You keep going back to it until it does.
When we are no longer impacted by the remembrance of the cost of our salvation we have, as Paul writes to the Colossians, "lost connection with the Head, from whom the whole body, supported and held together by its ligaments and sinews, grows as God causes it to grow" (Colossians 2:19).
The cross is the pumping of the heart that moves the blood that supplies life to the body.
Psalm 22 is a Messianic psalm, describing the work of Christ on the cross. Over David's story is superimposed HIS-tory.
"My God, my God, why have you forsaken me?
Why are you so far from helping me…
Many bulls surround me;
stong bulls of Bashan encircle me.
Roaring lions tearing their prey
open their mouths against me.
I am poured out like water,
and all my bones are out of joint.
My heart has turned to wax;
it has melted away within me.
My strength is dried up like a potsherd,
and my tongue sticks to the roof of my mouth;
you lay me in the dust of death.
Dogs have surrounded me;
a band of evil men has encircled me,
they have pierced my hands and my feet.
I count all my bones;
people stare and gloat over me.
They divide my garments among them
and cast lots for my clothing" —Psalm 22:1, 12-18.
The psalm is also wrapped in trust and tied up with the promises of victory.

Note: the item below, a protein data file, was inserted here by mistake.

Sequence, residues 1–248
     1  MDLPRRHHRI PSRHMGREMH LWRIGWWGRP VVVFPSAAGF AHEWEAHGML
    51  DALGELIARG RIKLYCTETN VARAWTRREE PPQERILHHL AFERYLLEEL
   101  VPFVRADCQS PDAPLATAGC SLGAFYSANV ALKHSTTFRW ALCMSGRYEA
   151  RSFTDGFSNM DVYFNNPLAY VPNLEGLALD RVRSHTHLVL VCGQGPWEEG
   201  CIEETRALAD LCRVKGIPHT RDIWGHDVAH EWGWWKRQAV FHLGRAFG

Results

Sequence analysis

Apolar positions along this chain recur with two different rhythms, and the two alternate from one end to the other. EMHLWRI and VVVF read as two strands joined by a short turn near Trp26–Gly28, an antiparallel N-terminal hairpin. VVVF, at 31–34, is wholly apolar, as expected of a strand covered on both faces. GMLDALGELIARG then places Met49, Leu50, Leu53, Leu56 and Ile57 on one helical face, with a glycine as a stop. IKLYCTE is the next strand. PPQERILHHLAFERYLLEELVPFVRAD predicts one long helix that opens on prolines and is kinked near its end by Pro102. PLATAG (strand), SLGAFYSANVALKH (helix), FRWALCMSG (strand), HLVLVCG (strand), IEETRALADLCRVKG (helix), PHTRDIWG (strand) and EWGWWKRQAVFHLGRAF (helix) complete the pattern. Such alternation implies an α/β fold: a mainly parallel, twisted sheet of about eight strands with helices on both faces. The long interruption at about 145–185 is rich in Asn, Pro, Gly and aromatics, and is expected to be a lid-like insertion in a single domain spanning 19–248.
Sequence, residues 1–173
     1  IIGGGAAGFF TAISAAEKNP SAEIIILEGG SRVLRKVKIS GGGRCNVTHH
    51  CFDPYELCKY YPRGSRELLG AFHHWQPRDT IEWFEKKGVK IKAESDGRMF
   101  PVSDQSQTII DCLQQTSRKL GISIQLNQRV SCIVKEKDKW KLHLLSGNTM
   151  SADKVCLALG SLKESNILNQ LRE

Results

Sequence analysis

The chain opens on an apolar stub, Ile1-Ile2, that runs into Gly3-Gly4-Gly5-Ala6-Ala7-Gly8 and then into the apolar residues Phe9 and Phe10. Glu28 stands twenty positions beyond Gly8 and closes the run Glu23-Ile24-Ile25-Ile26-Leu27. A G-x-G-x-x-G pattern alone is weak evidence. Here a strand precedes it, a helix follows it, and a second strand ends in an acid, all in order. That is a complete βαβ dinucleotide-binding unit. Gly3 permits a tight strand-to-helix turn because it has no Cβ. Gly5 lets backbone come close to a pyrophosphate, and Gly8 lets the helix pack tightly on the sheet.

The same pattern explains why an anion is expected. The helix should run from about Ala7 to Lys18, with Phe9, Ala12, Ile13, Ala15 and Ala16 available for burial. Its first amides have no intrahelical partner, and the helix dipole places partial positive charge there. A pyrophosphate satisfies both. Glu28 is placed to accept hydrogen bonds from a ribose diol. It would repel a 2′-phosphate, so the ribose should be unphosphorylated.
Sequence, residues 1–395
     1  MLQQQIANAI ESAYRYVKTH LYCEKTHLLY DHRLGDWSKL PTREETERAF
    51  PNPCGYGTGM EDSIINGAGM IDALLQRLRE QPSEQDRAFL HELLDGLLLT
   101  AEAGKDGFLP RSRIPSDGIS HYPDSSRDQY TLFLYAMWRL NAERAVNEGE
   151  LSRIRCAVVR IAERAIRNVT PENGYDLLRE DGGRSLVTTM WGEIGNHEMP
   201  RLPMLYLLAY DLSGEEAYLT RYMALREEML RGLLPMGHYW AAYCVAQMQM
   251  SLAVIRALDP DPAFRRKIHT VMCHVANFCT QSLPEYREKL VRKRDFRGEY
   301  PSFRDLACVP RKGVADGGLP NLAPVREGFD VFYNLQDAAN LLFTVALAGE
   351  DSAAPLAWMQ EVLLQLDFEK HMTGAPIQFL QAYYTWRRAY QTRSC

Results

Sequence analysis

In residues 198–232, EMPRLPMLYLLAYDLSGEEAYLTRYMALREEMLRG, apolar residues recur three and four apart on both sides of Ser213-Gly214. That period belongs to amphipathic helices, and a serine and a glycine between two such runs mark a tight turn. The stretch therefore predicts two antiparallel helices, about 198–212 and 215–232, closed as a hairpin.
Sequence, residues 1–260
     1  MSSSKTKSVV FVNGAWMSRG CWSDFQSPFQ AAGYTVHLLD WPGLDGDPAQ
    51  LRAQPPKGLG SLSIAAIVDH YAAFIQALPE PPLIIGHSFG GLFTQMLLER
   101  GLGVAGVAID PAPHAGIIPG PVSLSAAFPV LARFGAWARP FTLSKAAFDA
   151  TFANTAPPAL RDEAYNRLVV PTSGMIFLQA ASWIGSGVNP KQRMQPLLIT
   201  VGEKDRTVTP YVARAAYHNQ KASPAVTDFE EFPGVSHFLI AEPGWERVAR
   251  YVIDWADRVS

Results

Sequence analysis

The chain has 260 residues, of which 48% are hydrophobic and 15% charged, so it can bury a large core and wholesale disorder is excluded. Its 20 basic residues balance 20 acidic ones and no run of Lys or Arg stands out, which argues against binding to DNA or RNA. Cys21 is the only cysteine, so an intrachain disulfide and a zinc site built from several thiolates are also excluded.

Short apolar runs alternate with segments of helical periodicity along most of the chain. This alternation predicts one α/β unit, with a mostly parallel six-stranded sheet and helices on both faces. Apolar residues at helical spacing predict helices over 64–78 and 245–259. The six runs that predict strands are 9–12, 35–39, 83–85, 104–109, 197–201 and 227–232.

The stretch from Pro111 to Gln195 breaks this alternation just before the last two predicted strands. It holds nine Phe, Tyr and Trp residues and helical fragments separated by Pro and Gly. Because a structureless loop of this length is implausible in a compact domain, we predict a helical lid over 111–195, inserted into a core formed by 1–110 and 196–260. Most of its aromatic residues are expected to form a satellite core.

"From you comes my praise in the great assembly;
before those who fear you will I fulfill my vows.
The poor will eat and be satisfied;
they who seek the Lord will praise him—
may your hearts live forever!
All the ends of the earth
will remember and turn to the Lord,
and all the families of the nations
will bow down before him,
for dominion belongs to the Lord
and he rules over the nations.
All the rich of the earth will feast and worship;
all who go down to the dust will kneel before him—
those who cannot keep themselves alive.
Posterity will serve him;
future generations will be told about the Lord.
They will proclaim his righteousness
to a people yet unborn—
FOR HE HAS DONE IT. —Psalm 22:25-31 (emphasis mine).
I remember hearing a comment from a person who left one church to go to another because he was tired of hearing the Gospel every Sunday. I was astounded, but I understand how easy it is to lose that profound appreciation for what Christ did for us on the cross. Today, we seldom hear the Gospel and can barely tolerate more than a brief nod at the celebration of the Lord's Supper. It is no longer central to who we are. Small wonder we have little impact on the rest of the world. We have become those people of "itching ears" (2 Timothy 4:4). The cross no longer moves us.
Hush, do I hear a faint heartbeat still?
I hope so, because you know what the result is when that heartbeat disappears.